THhe First Epistle to the Corinthians is addressed not only to that local church but to “all that call upon the Name of our Lord Jesus Christ in every place” The instructions on this subject are not to be relegated to a bygone period. The teaching moreover is based upon the fact of the Divine creation and appointment of the man and the woman, and receives additional and permanent glory from the relation of Christ to the Church. To discard the teaching is derogatory to the honour of God.
The command in 14. 34 is, “Let the women keep silence in the churches; for it is not permitted unto them to speak; but let them be in subjection, as also saith the law.” This is not taken to refer to ejaculations and questions, which are regarded as likely at Corinth because of the presence of Jewish elements and the separation of men from women in a building, as in synagogues. The argument is untenable, as also is the suggestion that the verb lalein, to speak, means to chatter. That meaning is not supported by its use in this Epistle or anywhere else in the N.T. In this chapter it is used eighteen times, e.g., vv. 3, 29, and of speaking so as to instruct others (v. 19) and of messages from God (v. 21).
It is argued that the word in 1 Tim. 2, 11, “in quietness” (R.V.) is different from sigao, to keep silence, and that this latter here means to stop speaking as in Acts 12. 17 and 15. 12. The futility of this deduction is seen by the fact that the command to the women to keep silence in the churches is preceded by a similar command that without an interpreter, in the use of a gift of tongues, a man must “keep silence in the church” (v. 28). This could not apply to noisy ejaculations and chattering. It plainly meant refraining from addressing the company. So again in v. 30, “if a revelation be made to another sitting by, let the first keep silence” (R.V). Thus the word is the same in vv. 28 and 30 and in v. 34 regarding the silence of women.
It is suggested that since there were prophetesses in Israel, and since in 1 Cor. 14. 34 the Apostle refers to the Law, this affords ground for the oral ministry of women. But this runs counter to the very object of the Apostle’s reference to the Law, for he applies it to enforce the command that women are to manifest subjection by refraining from taking oral part.
Again, appeal is made to 1 Tim. 2. 9 to endorse women’s leading in prayer in a church gathering. But there is no justification for the idea that “in like manner” implies that women are to pray in like manner, and can do as the men do in this respect. But this misses the point of the passage and the gist of the teaching of the whole Epistle, which deals with holiness of life, and with conduct in the House of God (in the original in 3, 15 there is no mention of men: Timothy was to teach how “it is necessary to behave” in the House of God). The phrase in like manner” (v. 9) is not to be connected with “pray” in v. 8; it introduces an additional instruction as to conduct.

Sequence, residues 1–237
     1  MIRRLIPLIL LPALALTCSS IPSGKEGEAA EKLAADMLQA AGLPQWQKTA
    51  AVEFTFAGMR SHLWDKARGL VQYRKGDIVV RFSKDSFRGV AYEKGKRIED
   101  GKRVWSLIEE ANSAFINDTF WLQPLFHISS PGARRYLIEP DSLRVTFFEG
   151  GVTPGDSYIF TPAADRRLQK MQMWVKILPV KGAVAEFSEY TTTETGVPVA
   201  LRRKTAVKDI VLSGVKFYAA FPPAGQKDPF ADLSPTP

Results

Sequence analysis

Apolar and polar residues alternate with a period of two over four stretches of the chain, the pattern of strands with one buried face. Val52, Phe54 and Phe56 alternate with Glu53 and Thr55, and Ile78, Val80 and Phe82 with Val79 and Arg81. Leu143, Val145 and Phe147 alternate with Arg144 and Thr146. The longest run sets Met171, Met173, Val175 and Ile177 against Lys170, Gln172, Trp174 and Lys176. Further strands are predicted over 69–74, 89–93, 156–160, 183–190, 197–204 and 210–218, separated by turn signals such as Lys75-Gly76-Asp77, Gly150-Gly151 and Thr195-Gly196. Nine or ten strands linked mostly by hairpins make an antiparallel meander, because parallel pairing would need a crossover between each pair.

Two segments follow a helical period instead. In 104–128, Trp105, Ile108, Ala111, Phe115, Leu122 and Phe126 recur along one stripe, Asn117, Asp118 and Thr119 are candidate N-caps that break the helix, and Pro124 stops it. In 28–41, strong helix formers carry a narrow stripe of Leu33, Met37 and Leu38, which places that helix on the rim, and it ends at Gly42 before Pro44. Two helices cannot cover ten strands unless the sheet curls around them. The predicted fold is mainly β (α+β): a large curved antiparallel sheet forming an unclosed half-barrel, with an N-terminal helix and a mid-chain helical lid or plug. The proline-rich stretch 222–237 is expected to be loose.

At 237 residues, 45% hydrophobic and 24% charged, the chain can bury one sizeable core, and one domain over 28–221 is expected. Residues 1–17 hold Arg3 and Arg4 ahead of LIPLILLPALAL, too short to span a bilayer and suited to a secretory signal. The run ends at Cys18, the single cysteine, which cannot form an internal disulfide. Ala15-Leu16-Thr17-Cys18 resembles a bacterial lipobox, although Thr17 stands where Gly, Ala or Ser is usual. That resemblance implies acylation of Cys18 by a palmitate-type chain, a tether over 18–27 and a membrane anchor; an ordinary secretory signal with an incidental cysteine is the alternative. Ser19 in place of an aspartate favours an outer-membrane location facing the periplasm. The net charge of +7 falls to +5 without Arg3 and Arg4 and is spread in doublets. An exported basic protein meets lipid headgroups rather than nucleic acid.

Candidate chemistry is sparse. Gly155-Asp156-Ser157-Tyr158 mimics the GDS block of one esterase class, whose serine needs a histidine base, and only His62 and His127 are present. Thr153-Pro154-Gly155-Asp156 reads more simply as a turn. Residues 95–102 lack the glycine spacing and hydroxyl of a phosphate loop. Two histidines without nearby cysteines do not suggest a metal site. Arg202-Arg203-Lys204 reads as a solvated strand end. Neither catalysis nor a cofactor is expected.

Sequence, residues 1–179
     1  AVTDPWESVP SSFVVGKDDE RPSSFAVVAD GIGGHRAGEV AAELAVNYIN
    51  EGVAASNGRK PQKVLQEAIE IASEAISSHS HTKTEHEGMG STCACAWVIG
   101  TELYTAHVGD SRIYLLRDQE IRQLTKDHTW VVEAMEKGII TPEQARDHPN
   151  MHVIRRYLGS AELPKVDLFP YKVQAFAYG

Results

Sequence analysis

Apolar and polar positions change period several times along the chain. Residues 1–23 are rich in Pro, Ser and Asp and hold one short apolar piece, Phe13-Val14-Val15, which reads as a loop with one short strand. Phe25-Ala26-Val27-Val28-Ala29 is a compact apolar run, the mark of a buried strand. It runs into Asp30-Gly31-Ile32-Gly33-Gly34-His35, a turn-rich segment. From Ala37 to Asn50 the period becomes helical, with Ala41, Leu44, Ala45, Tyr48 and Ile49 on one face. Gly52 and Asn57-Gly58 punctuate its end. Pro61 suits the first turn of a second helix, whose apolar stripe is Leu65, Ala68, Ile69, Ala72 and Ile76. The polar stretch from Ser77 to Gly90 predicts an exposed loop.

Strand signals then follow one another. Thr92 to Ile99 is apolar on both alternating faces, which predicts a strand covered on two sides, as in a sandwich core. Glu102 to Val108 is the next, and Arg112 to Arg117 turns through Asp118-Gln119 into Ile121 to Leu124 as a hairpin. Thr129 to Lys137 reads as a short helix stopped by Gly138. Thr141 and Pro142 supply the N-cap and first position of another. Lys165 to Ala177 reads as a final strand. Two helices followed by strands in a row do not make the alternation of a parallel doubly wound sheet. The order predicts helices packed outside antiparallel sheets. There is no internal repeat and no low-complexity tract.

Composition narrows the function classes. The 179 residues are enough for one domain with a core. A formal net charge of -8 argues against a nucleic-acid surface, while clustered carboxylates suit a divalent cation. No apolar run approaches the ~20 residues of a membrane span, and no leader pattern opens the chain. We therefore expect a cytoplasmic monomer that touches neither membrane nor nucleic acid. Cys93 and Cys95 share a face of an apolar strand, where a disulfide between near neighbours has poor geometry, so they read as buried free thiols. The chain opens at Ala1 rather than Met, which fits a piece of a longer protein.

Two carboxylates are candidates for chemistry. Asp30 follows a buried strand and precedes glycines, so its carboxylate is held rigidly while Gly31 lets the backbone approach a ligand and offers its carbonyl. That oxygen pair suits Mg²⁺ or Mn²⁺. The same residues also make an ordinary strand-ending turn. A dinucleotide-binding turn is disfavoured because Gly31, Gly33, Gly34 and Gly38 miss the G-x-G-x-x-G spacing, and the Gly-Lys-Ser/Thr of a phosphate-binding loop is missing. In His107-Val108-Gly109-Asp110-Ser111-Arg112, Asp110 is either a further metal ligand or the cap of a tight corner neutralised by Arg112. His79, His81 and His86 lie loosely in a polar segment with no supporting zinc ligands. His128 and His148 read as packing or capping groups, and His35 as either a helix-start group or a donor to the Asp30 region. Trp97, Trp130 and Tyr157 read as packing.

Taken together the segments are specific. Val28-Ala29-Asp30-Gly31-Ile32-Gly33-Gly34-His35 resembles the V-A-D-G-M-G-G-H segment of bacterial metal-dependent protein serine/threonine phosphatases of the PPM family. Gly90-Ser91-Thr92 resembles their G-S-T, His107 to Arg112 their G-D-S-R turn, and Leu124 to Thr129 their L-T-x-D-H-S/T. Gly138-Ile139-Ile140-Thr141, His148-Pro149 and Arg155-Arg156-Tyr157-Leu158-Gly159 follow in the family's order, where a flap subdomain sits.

Verse 11 is also taken in another way, as if it introduced a fresh paragraph, and the command that a woman should learn m quietness refers not to a gathering of the church but to the Christian home. How grotesque, that a woman may not teach at home, where presumably her husband is, but she may do so in a church meeting, where not only her own but other women’s husbands would be. No! The reasons for the prohibition are the order of the creation of man (v. 13), and the priority of woman’s transgression (V. 14).
Further, the fact of Peter’s quotation at Pentecost of Joel’s prophecy, is taken to support women’s ministry. But there is not the slightest intimation that women spoke on the day of Pentecost. Peter “stood up with the eleven” and the combined witness was given by men only (Acts 2. 13). Peter addressed men (v. 29, cp. v. 22; so in 1 15. 16). Moreover he did not claim that all that Joel foretold was then being fulfilled. Those prophecies about the sun and moon were not, nor have they yet been. Young men did not see visions, nor did old men dream dreams. Peter’s discourse concerned “the house of Israel” (v. 36) and these details await fulfilment in Israel.
Reference is made to Philip’s daughters (Acts 21, 8; 9) and it is argued that, as women prophesied in public in Israelitic history, so these daughters spoke in church gatherings. This supposition is without foundation of fact and is contrary to the teaching of the Epistles.
To set aside the plain command “Let the women keep silence in the churches,” by adopting arguments like these is dangerous. As the Apostle declares that his teachings in this matter are “the commandments of the Lord” (14. 37), let the advocates of women’s ministry in church gatherings beware. Let those who fear God and stand in awe of His Word, resist the plea for broadmindedness which advocates the acceptance of what is contrary to the Lord’s plain command. Let those women who, in obedience to His Word, acknowledge by their silence the token of their honourable relationship of subjection, and the glory of the Headship of Christ, rejoice in the consciousness of His approval now, and the assurance of His reward hereafter.